Of blockbusters and sleeper hits in the year 2019

2019 proved to be a year in which surprise hits and big-budget blockbusters made for good viewing for Hindi film buffs

Photo credit- social media
Photo credit- social media

Biswadeep Ghosh

The clock is ticking slowly. Another year is bidding an inevitable goodbye. Filmgoers will remember 2019 fondly since Bollywood lived up to their expectations this year. Big-budget entertainers released in thousands of screens came to town.

So did small-budget films with offbeat themes and smaller stars that were lapped up by the choosy viewer.

2019 was a year in which the average viewer did not get swayed by what the critic felt and wrote. Audience feedback opposed the expert’s take frequently, resulting in a mammoth success like War, Siddharth Anand’s lavishly mounted action drama starring Hrithik Roshan and Tiger Shroff. The biggest blockbuster of the year, War, which is about a soldier who must track down his former mentor who has gone rogue, grossed in the region of Rs 480 crore.

Criticised for glorifying toxic masculinity and misogyny, Sandeep Vanga’s drama Kabir Singh turned out to be the biggest hit of Shahid Kapoor’s career. The story of a surgeon with anger management issues who drinks, does drugs and heads towards self-destruction after his girlfriend is forced to marry someone else, Kabir Singh was a disturbing film. But it did great business, surprising many forecasters who had felt that the film had no hope at the box-office.

Jingoistic films have been finding audiences in recent times.

Aditya Dhar’s Uri: The Surgical Strike starring Vicky Kaushal and based on the surgical strike conducted by India in response to the 2016 Uri attack engineered by terrorists from Pakistan was one such film. It became the third biggest grosser of the year, which also surprised many forecasters Veteran Salman Khan proved that writing him off is a dangerous thing. The megastar played the central role in Ali Abbas Zafar’s Bharat, which traces India’s post-independence history through the eyes of a commoner. Bharat was a blockbuster, which was great news for Salman’s fans.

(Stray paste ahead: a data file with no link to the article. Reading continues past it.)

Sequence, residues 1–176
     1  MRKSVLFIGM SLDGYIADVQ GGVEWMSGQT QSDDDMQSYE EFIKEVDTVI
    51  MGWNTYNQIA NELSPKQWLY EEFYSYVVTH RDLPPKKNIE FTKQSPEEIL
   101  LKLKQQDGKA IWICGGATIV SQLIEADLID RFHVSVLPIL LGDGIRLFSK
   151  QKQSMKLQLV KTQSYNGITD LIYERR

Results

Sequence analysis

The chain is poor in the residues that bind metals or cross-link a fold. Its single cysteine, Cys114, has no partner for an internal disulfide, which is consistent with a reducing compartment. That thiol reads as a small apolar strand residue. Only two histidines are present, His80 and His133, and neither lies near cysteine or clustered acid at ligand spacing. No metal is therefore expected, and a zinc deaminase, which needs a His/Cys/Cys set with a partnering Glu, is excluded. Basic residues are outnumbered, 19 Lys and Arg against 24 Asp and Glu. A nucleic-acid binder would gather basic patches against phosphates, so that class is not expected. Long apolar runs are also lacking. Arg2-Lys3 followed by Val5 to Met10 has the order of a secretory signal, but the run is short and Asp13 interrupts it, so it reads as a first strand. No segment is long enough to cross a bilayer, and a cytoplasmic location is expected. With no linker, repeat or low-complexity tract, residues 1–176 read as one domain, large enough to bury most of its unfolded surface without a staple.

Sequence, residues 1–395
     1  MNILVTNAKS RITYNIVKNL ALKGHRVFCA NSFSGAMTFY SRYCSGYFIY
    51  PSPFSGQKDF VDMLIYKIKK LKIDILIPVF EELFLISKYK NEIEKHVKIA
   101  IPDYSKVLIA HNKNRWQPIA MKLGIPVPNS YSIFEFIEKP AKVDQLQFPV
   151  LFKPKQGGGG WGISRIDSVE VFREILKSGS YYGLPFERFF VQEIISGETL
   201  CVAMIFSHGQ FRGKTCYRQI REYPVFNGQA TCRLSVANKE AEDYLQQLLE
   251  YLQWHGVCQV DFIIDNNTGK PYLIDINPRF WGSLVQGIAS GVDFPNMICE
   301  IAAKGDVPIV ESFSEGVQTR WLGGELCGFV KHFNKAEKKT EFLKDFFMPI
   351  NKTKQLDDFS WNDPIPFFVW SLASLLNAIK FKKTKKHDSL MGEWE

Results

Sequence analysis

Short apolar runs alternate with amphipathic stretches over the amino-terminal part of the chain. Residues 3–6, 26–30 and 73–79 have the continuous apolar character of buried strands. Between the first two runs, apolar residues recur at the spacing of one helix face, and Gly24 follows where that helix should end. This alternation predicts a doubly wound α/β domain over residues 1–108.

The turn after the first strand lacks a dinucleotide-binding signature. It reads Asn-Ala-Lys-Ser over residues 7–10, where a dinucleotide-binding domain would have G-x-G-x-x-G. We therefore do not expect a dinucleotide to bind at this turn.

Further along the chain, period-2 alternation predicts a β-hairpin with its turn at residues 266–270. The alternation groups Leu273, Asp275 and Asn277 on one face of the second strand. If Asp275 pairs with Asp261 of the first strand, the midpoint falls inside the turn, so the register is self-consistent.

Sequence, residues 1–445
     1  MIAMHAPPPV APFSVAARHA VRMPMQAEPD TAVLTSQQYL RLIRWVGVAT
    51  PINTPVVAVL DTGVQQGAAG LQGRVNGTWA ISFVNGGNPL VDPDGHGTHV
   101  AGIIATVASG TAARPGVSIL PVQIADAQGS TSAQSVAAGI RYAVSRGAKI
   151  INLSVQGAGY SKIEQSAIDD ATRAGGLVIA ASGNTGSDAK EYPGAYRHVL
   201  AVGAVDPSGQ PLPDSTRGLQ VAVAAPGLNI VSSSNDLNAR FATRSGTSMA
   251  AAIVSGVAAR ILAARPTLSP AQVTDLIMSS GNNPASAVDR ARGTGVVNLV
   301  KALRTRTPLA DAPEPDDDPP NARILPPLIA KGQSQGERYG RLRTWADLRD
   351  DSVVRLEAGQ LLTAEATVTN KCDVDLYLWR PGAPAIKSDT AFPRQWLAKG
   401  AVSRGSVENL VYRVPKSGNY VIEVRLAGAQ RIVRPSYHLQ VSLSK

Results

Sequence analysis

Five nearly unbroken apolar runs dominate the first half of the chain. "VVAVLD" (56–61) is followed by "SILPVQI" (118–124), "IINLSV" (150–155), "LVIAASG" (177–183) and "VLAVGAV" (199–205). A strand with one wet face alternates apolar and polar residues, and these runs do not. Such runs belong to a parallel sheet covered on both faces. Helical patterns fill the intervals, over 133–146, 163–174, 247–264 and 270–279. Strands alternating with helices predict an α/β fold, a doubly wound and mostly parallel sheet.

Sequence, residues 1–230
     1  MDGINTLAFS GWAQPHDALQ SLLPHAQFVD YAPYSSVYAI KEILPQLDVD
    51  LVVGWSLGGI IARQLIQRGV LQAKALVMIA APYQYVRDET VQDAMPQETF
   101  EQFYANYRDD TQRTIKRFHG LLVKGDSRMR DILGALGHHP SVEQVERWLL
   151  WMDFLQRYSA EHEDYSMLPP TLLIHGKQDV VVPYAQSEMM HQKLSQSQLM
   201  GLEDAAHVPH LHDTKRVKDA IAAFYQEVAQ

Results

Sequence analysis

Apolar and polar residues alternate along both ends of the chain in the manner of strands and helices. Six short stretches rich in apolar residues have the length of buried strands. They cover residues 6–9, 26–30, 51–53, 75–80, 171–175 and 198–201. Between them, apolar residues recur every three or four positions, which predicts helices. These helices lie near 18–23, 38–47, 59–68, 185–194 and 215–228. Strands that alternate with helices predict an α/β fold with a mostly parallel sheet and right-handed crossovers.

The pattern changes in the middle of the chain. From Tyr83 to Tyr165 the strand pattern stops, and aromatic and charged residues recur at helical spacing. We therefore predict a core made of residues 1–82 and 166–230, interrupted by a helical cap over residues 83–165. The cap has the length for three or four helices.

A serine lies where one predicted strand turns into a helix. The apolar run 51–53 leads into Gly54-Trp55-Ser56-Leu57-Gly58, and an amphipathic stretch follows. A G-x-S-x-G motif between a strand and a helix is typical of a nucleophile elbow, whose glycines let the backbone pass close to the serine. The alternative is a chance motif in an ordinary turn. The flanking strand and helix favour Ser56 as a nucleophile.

Akshay Kumar’s star power and Vidya Balan’s performance propelled the success story of Jagan Shakti’s Mission Mangal.

Inspired by the story of scientists who contributed to the Mars Orbiter Mission, a space probe orbiting our neighbouring planet since 24 September 2014, Mission Mangal was criticised for its simplistic treatment of the subject. Still, it was a well-intentioned film that deserved its success.

Hyped because of its subject, Zoya Akhtar’s Gully Boy, a coming-of-age drama inspired by street rappers Divine and Naezy, attracted viewers to the ticket counters. Selected to represent India at the Oscars in the Best International Film category, the film lost the race quite predictably. But it made for a good watch and also found many new fans for Ranveer Singh and Alia Bhatt.

Two franchise comedies, both bad, made it to the list of the ten biggest blockbusters of the year. Farhad Samji’s ensemble cast film Housefull 4, which was ripped apart by many critics, managed to attract footfalls at the theatre. So did Indra Kumar’s lacklustre comedy Total Dhamaal, which made terrible use of its talented cast while doing good business.

Nitesh Tiwari could not emulate the matchless success of his pop classic Dangal with Chhichhore, his latest outing. But the coming-of-age drama starring Sushant Singh Rajput and Shraddha Kapoor was a well-made film that impressed many viewers. On the other hand, Vikas Bahl’s Super 30, the biographical drama in which Hrithik Roshan played mathematician Anand Kumar, failed to make popular impact.

Still, the film worked and was Hrithik’s second big success of the year.

Many filmgoers would insist that Ayushmann Khurana, who experienced three successes with the brilliant Article 15, Dream Girl and Bala was the best thing to have happened this year.

Some others would affirm that Kartik Aaryan, who starred in two box-office hits (Luka Chuppi and Pati Patni Aur Woh) was the latest ‘big’ star in the horizon. The biggest consequence of their success was that Bollywood found two bankable young stars capable of delivering commercially viable films.

Viewers will remember 2019 for several films they might have watched during the year. This writer cannot help thinking about Ashutosh Gowariker’s historical drama Panipat, which turned out to be a disappointment and crashed.

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